The outrageous Chicago Public Schools teachers’ strike that held the third-largest school system in the U.S. hostage to unscientific pandemic-mitigation demands should remind us of the disproportionate power that labor unions hold in the Democratic Party. The teachers are returning to work today, but one wishes that President Biden or Mayor Lori Lightfoot of Chicago had threatened to fire them for their illegal action, as Ronald Reagan did with the air traffic controllers in 1981 or, further back, then-Massachusetts governor Calvin Coolidge did when he backed Boston’s decision to fire its striking police officers in 1919.

While we wish in vain for such leadership, there’s another approach cities should consider: rolling back the power of big-city teachers’ unions by breaking up school districts. It’s common sense that, like any large labor union, big-city teachers’ unions have outsize leverage because they control hundreds of schools. Smaller, independent, competing districts would change this picture. Would Mike Mulgrew, president of New York City’s teachers’ union, be so glib about threatening to shut down Manhattan schools if he knew that Queens or Brooklyn teachers might not go along?

There’s good evidence that big-city districts have been more likely to shut down during the pandemic—at the demonstrated risk of learning loss for students who most need a good education. At the height of the pandemic in 2020–2021, the Center for Reinventing Education found that four in five big-city school districts chose remote learning, compared with one in four in the nation as a whole. San Francisco parents clamored to reopen the schools, but the unions refused, even as the local school board focused, instead, on renaming schools named for George Washington, Abraham Lincoln, Thomas Jefferson (and even Dianne Feinstein) because of their perceived acts of historical oppression.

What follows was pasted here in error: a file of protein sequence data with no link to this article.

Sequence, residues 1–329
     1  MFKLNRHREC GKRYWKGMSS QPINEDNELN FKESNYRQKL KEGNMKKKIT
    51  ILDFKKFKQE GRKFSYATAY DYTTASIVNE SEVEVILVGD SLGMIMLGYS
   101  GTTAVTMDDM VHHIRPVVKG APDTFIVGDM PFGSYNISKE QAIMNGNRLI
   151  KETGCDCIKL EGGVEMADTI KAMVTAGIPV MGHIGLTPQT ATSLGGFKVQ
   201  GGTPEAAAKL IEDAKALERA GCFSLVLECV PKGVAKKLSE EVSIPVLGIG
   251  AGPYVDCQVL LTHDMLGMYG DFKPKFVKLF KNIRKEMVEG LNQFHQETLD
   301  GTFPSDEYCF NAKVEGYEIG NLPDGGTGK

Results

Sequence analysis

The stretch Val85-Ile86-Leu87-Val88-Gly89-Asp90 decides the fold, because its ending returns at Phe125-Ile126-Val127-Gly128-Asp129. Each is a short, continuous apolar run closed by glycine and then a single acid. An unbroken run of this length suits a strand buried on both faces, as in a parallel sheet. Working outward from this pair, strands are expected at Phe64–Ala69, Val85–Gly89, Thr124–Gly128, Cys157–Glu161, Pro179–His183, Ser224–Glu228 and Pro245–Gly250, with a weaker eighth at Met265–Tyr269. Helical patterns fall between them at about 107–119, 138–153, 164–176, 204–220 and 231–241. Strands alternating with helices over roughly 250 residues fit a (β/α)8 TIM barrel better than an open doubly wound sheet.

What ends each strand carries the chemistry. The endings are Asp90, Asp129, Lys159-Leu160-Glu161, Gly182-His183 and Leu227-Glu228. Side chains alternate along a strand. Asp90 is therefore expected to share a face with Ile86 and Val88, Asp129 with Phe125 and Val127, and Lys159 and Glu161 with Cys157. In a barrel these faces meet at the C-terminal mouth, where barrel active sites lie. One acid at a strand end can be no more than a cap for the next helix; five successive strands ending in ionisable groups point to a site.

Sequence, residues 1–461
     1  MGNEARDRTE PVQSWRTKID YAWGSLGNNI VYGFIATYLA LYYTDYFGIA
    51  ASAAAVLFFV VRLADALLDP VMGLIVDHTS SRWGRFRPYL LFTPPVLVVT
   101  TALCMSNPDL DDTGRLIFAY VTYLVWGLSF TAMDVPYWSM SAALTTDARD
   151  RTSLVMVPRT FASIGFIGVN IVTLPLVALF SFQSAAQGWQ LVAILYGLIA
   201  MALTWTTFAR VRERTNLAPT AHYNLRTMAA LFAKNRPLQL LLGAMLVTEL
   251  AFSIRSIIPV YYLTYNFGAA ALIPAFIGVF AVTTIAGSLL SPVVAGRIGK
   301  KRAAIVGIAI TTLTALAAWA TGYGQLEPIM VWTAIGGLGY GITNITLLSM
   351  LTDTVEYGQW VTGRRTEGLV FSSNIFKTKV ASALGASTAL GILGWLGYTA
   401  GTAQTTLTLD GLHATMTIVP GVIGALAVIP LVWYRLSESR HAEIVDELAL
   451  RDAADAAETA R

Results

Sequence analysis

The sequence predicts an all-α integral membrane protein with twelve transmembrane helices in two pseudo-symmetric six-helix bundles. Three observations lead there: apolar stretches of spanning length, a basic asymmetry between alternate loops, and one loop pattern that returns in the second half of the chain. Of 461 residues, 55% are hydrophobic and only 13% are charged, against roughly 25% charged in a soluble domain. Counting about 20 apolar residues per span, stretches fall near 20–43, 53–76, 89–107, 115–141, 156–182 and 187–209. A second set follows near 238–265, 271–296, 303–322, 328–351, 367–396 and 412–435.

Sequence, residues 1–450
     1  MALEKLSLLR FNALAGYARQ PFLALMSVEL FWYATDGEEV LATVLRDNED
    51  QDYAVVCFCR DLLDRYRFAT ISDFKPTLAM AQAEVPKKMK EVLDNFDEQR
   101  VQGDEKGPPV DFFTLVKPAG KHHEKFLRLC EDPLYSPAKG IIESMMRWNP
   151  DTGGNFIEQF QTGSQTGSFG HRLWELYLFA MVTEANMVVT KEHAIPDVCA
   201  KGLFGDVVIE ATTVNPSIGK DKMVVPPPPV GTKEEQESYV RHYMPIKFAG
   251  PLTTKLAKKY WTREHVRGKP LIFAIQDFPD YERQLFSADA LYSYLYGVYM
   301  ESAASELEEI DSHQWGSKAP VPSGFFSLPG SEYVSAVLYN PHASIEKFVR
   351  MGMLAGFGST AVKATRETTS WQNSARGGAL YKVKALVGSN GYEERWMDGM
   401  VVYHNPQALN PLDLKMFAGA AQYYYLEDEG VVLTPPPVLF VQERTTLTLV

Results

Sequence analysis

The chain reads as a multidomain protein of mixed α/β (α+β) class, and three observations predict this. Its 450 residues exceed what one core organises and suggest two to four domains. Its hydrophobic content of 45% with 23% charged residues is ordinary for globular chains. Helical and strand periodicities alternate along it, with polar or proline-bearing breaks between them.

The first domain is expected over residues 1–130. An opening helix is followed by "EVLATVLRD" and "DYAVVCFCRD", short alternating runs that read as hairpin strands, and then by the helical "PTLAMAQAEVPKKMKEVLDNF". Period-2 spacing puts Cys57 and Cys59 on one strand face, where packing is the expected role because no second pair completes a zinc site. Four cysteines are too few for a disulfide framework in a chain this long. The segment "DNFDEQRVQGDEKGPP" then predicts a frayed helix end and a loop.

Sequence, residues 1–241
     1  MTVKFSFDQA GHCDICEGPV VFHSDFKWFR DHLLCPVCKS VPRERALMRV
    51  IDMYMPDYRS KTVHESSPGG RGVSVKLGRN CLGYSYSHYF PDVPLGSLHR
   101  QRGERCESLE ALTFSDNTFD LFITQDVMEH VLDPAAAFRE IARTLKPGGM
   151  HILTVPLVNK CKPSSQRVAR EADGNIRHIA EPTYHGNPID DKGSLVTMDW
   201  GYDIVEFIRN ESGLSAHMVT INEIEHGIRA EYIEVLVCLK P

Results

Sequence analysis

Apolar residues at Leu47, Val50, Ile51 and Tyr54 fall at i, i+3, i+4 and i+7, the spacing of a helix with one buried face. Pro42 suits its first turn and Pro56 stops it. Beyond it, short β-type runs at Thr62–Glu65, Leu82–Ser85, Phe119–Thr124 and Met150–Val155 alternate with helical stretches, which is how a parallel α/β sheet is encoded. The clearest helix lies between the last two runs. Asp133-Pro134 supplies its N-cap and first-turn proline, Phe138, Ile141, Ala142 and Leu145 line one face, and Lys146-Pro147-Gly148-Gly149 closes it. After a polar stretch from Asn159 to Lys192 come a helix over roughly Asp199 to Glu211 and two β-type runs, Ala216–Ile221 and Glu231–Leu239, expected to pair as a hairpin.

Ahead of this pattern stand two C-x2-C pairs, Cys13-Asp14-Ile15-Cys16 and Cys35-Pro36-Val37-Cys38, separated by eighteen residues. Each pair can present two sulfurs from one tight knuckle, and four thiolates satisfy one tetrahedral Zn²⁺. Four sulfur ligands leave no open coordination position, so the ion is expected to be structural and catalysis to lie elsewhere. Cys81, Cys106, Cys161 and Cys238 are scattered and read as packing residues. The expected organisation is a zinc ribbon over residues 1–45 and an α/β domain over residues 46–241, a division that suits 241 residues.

Federal data since 1993 (but before the pandemic) also show the power of big-city teachers’ unions. Of the 66 school-system strikes during that period, 36 have occurred either through statewide action or in one of the 100 largest school districts, including Chicago, Denver, Detroit, Los Angeles, and Oakland. Strikes have also occurred in an additional four districts that, though not in the top 100, are the largest in their metropolitan area (Buffalo, Dayton, Providence, and Youngstown). The district’s size can also lead to market power as exercised by other arms of organized labor, such as the strike by school-bus drivers here in New York. During the same time period, there were no teacher strikes in the small, high-performing school districts of Westchester County, where teacher replacement is more feasible and parents wouldn’t stand for closures.

We know why politicians tolerate these strikes, just as we understand why Chicago teachers feel emboldened to shut down their schools. Members of teachers’ unions regularly constitute roughly 10 percent of delegates to Democratic Party conventions, and they contribute more than $50 million annually in political donations.

Breaking up big-city school districts would make for a dramatic change. If each of New York’s five boroughs had its own independent system, we could rebalance the relative power of the public and teachers’ unions while preserving employees’ protections and collective-bargaining rights. Doing so could also improve school quality by introducing more competition among districts currently subsumed into one large jurisdiction. Research from Boston has shown that competition improves student achievement. One can think of such a change in antitrust terms: larger school jurisdictions have greater market power, making it possible for an interest group (organized labor) to exercise disproportionate influence over public services.

Yes, there would thorny details, like how to apportion existing bond debt and teacher-pension obligations. But those presumably could be worked out. The pandemic has lifted the veil on the extraordinary self-interest and power of teachers’ unions. Breaking up districts would not be easy—but the payoff could be big.

Photo by Scott Olson/Getty Images


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